Harvesting Your Summer Crops and How to Store Them

Posted on July 19, 2016 by Shorty's

Your gardens are producing non-stop and it’s time to harvest as soon as your fruits and veggies are ready. The importance of harvesting your fruits and veggies can’t be stressed enough. It’s part of tending to your garden, and the best one at that! Harvesting clears the area for new growth, prevents disease and of course provides you with food. We’ve put together this guide to help you.

Pumpkins, Winter & Summer Squash and Zucchini

Pumpkins and Winter Squash are ready when you can’t penetrate the rind with a fingernail. They should be hard and deep in color. Don’t pick up pumpkins by the stem! If the stem comes off, the fruit may rot.

Store winter squash in a cool dry place from 2 – 6 months depending on the variety.

Summer Squash and Zucchini should be picked when no longer than 6″-8″ and 2″ in diameter. Harvesting keeps the plants producing. Cut the fruits off the vine leaving 1″ of stem attached.

Store summer squash on a counter for about a week. Do not keep in the refrigerator as they will get soggy over time and their flavor won’t be as good.

Tomatoes

Harvest when the fruits are firm and the color has fully changed. Usually 60-85 days before you’ll start harvesting, but after you start harvesting, they’ll keep coming very quickly. Certain types just drop from the plant when ripe. It’s safe to pick them up and eat them.

Do not store tomatoes in the refrigerator. They will lose their flavor. Store on a counter for up to a week.

Broccoli

Pick before buds become flowers and heads are compact and deep green. Harvest by cutting the stem 4″-6″ under the head.

Broccoli does best when stored in a cool, moist environment. Store them in a refrigerator for up to 2 weeks.

Carrots

Harvest time is typically 2-3 months after planting, when the carrots are bigger.

Water before harvesting to make it easier.
Loosen the soil and carefully pull the carrots up. Remove the greenery and dirt.
Finish harvesting after the first frost. Don’t wait until the ground freezes.
To store carrots, trim the leafy greens from the top and store them separately. Carrots like to be cool and moist. Keep them in the refrigerator for weeks. Placing your carrots in a little water and an airtight bag will keep them longer.

Cauliflower

Harvest when heads are fully-grown but the curds haven’t separated. Cut just below the head and leave some leaves to protect the easily bruised curds.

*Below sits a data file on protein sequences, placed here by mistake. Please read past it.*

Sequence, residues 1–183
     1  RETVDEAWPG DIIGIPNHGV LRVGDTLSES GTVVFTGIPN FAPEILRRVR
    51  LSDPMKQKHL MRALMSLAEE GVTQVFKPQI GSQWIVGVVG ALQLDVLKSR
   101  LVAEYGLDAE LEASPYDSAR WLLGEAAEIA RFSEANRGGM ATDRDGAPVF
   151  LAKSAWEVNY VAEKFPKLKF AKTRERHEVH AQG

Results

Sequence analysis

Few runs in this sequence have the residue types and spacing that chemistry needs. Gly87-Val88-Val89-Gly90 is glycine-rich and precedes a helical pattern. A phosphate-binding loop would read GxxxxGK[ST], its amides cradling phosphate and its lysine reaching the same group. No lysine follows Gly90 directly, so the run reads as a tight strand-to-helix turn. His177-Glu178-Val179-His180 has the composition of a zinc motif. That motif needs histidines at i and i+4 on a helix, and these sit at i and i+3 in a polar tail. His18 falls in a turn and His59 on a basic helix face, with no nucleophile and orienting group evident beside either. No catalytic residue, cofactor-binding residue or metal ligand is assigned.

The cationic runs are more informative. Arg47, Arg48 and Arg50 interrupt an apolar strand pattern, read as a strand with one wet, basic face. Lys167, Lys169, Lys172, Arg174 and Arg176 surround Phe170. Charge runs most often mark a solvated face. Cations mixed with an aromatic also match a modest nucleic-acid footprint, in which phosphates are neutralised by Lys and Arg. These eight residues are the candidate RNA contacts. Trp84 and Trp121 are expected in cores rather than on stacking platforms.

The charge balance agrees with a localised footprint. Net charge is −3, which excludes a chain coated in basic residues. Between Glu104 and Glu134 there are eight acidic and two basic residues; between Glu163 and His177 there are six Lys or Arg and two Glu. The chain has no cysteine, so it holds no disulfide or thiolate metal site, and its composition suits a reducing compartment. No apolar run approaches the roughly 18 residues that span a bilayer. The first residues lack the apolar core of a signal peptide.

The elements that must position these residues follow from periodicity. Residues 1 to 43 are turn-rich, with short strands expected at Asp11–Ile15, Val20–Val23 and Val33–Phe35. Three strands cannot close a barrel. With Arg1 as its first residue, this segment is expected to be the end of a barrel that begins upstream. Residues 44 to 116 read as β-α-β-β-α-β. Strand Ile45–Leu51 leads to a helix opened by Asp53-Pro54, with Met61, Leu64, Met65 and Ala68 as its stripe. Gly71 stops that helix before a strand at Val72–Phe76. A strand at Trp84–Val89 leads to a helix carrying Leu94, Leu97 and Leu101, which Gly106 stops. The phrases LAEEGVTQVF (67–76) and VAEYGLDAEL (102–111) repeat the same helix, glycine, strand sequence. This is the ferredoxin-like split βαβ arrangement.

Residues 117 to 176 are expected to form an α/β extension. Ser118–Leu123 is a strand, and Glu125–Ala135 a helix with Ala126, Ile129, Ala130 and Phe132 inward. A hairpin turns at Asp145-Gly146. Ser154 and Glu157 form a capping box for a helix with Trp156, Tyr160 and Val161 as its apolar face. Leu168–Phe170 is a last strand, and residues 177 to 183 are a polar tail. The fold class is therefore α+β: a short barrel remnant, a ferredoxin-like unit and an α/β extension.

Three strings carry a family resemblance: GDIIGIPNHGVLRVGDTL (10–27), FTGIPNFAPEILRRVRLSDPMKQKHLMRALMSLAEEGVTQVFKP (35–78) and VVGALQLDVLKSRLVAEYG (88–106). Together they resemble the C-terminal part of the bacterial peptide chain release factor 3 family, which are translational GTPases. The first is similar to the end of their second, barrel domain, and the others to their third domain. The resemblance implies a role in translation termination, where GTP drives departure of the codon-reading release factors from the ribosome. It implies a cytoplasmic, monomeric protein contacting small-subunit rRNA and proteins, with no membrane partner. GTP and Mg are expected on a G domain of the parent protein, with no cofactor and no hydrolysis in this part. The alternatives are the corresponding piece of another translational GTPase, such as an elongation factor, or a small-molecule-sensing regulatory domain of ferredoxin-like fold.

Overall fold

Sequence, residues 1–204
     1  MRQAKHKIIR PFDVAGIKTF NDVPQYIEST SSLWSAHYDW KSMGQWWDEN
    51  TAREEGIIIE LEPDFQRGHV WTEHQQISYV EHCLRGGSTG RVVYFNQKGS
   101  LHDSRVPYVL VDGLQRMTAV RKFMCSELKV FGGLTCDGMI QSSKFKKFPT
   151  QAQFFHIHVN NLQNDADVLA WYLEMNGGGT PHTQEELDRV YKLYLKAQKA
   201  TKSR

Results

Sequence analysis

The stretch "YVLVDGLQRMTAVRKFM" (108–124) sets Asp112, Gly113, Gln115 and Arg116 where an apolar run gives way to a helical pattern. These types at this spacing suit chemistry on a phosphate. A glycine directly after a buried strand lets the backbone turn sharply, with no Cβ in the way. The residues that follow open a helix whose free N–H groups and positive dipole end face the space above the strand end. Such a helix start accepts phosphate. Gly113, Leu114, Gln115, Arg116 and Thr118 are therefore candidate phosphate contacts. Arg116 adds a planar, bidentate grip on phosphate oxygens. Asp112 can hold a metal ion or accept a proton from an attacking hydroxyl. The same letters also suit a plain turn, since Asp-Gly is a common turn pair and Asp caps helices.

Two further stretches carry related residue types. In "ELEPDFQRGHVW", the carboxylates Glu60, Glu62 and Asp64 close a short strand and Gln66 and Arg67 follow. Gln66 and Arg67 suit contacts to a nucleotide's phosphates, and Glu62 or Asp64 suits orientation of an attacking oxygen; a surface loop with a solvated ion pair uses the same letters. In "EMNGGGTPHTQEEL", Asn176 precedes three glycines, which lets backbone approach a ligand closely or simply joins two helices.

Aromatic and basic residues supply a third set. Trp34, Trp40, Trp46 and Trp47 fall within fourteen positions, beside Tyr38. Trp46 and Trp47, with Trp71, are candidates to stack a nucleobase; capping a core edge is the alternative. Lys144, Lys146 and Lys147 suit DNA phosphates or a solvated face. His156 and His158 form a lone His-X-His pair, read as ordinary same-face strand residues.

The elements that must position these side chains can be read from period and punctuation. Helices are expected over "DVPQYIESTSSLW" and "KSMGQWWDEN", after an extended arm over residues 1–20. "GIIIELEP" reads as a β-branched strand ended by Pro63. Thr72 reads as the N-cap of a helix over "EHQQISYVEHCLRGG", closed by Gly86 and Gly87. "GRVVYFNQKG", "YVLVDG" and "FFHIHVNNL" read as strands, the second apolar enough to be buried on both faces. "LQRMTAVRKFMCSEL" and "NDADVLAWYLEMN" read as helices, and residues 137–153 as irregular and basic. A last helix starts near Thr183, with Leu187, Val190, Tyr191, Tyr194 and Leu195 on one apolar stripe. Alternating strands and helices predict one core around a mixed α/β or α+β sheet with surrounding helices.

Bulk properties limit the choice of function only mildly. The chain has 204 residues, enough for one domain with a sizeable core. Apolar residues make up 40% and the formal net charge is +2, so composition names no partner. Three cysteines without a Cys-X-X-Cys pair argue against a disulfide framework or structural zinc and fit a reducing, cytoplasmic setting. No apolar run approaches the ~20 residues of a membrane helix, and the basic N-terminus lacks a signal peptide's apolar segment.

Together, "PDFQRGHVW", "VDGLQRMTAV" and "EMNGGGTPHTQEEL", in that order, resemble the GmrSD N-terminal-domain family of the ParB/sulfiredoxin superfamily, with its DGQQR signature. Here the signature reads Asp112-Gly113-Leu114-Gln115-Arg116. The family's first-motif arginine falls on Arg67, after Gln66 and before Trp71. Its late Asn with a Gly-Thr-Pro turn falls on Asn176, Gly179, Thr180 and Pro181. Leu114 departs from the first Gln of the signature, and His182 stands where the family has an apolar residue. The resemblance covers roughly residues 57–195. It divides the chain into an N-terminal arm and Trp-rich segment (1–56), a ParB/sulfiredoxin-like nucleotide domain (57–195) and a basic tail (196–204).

Store cauliflower for up to 3 weeks in the refrigerator.

Corn

Harvest when:

Silks are dark brown and soft
Kernels are tender, plump and produce a milky liquid when punctured. Corn isn’t ripe if the liquid is watery and clear. It’s overripe if there isn’t any liquid.
Corn is best eaten quickly, but you can keep corn in the refrigerator for up to 5 days.

Slicing Cucumbers

Pick when large enough to eat, but before they change to yellow or orange. Pick every ripe cuke; letting them over-ripen ends production. Harvest by holding the cuke in one hand, the stem in the other and pulling the fruit off the vine.

It’s best to keep cucs at room temperature. Not only will they taste better, but also will last longer. Cucumbers become soggy after 3-5 days in a refrigerator. Keep cucumbers away from ethylene gas producing fruits and veggies such as bananas, tomatoes, apples and melons.

Eggplant

Harvest eggplant when around 4″-5″ long, unless you have a mini variety. Eggplant skin is tight and glossy when ripe. If dull, the fruit is overripe. Cut the fruit off the vine, leaving about 1″ of the stem attached.

Store for about a week on the counter. You can keep in the refrigerator for a few days. Eggplant develops pitting and water-soaked areas (becomes soggy) when chilled too long.

Asparagus

It’s best to:

Wait until the third year so the plants have healthier root systems.
Only pick spears thicker than a pencil.
Harvest in early spring at about 6-8″ tall and tips are firm and closed. Snap off at or slightly below ground level.
Asparagus prefers to be stored in a cool, moist environment such as your refrigerator. They can last up to 2 weeks and prefer to be stored upright.

Lettuce

Leaf Lettuce is ready around 40 days after planting. Pick when the leaves are 4″-5″ long. Either harvest bigger outer leaves or cut the whole plant at 1″ above ground. The latter makes the plant regrow another crop in 3-5 weeks.